I will make an effort to do just that.

I really want to see those blooms.

Allium-flower

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I’m a Cork on the Ocean

I’ve been a fan for what feels like forever. From the mid-sixties to today and beyond. I like the early stuff, the later stuff, the 2012 stuff, the 2016 stuff. I like the fun, light, happy songs. I also like the painful, sad ones. Lately I’ve been leaning toward those.

I’m talking about the Beach Boys, and my favorite of theirs, ‘Til I Die’. Words and music by Brian Wilson.

The Beach Boys – ‘Til I Die

It’s about two and a half minutes, cushioned by two other songs on the 1971 album, Surf’s Up. There’s no introduction, the vocals jump right in:

I’m a cork on the ocean, floating over the raging sea

How deep is the ocean?

How deep is the ocean?

I’ve lost my way, hey hey hey.

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Before you know it, the second part begins.

I’m a rock in a landslide, rolling over the mountainside

How deep is the valley?

How deep is the valley?

It kills my soul, hey hey hey.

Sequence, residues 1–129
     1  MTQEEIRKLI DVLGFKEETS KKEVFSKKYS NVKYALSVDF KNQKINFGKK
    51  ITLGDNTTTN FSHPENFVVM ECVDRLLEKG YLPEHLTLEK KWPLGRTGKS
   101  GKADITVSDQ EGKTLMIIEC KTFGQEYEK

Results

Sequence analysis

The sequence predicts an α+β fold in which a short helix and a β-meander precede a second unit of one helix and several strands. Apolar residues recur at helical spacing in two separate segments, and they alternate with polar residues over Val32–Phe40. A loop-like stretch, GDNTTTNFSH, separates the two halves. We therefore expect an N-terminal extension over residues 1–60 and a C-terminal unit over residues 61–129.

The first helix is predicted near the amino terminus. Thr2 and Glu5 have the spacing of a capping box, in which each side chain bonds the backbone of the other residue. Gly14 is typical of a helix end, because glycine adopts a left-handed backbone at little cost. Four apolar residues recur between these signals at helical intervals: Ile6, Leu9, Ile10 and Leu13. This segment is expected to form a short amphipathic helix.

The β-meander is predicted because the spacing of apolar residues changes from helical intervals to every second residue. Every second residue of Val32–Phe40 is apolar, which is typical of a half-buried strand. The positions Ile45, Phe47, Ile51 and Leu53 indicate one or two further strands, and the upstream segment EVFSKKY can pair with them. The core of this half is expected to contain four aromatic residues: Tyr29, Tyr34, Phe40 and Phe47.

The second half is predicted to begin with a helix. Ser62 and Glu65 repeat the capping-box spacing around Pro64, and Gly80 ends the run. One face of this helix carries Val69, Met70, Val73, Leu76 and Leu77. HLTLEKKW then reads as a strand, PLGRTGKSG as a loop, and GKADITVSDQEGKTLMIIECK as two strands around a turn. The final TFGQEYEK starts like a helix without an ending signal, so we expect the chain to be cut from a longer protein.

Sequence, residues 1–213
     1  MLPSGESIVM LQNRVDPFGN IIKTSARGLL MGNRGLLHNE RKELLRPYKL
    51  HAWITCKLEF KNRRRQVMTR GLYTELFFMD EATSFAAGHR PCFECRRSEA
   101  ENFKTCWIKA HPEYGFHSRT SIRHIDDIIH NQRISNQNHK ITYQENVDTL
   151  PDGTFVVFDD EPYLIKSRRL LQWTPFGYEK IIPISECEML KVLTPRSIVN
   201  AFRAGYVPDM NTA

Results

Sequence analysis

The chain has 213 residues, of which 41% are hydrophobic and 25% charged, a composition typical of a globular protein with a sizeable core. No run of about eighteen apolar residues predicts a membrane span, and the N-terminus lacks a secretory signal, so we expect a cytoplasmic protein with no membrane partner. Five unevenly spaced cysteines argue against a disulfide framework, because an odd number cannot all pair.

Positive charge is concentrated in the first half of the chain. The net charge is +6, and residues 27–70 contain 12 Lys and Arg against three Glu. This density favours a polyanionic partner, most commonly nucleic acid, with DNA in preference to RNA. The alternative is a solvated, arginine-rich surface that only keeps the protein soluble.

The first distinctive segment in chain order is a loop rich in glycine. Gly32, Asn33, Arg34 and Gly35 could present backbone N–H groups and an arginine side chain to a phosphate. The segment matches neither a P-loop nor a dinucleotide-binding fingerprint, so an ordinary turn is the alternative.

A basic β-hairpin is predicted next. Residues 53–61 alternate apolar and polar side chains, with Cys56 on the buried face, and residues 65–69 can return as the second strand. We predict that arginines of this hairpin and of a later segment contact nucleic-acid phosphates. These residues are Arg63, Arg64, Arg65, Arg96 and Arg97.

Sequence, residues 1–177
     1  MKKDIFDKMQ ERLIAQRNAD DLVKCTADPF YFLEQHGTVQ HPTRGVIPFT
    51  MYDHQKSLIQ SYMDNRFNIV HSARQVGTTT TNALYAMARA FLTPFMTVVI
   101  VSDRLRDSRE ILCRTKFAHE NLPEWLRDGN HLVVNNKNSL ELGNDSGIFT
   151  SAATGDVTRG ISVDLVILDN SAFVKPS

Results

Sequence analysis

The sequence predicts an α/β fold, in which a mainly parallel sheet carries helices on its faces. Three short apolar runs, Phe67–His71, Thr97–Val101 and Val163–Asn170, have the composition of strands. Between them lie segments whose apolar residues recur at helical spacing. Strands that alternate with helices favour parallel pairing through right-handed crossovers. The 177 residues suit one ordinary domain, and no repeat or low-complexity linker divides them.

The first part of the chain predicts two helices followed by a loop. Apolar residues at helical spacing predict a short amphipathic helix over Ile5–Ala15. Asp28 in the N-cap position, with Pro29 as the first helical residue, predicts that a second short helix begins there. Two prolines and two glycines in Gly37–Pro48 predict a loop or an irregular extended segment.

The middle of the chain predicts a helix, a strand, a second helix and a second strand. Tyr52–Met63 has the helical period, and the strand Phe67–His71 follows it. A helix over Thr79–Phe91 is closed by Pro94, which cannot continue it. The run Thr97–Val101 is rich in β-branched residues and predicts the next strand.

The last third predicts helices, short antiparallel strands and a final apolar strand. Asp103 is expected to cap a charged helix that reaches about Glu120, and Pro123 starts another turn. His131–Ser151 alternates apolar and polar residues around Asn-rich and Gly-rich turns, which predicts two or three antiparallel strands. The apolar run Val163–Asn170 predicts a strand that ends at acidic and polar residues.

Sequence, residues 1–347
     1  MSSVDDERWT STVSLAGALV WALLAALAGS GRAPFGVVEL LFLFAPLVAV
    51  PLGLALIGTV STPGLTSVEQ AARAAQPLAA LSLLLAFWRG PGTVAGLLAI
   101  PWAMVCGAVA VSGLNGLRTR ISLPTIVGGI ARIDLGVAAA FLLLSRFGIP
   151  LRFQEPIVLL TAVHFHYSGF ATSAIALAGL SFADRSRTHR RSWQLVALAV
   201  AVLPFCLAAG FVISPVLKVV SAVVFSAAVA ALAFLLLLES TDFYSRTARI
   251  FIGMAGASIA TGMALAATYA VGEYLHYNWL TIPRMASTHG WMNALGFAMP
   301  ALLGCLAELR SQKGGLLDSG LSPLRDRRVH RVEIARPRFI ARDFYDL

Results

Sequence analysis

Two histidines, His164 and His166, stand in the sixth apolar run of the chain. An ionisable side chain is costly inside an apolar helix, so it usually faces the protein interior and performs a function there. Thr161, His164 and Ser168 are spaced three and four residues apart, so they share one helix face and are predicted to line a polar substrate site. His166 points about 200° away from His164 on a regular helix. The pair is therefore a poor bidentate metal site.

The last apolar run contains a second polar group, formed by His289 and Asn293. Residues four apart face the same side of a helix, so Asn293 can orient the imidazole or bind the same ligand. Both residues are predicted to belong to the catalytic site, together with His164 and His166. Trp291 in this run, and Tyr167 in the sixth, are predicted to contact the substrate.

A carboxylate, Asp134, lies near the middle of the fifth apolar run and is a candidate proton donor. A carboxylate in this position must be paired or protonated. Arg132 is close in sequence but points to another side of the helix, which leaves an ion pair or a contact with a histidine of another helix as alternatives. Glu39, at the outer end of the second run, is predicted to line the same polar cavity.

Primer – Til I Die. Electronic, ethereal.

Holy cow, it’s moving right along. Third part:

I’m a leaf on a windy day, pretty soon I’ll be blown away

How long will the wind blow?

How long will the wind blow?

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And here, something magical happens. The song kicks into fifth gear, the harmonies reaching an impressive rolling climax. “Until I die, until I die.”

You can hear all the voices now; Brian’s and Mike’s and Al’s, Carl’s, Bruce’s and maybe even Dennis’. It’s a glorious, mixed-up, perfect mess.

‘Til I Die – Alternate Mix. This will blow your mind.

These things I’ll be until I die.

This line is repeated at least ten times (I’ve never counted) but there are days, cruising in my car, that I wished it went on for a hundred and ten. There’s just something about this song; I think it will last.

Why does this tune affect me? I wish I knew. Maybe the repetition, like waves on the shore.

A cork, a rock, a leaf. These things I”ll be…

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Deep in the Center of Texas

I’ve traveled here and there in my lifetime; a few countries and most US states, including Alaska. But until last year, I had never made it to Texas.

My pre-conceived notions about the place? Hot. Desert-like. Cactus. Lots of those long-horned cattle running around. Cowboy hats. Big cars, big houses – heck, big everything. Oil. Lots of oil. Enough oil to supply the Three Stooges short, Oily to Bed, Oily to Rise.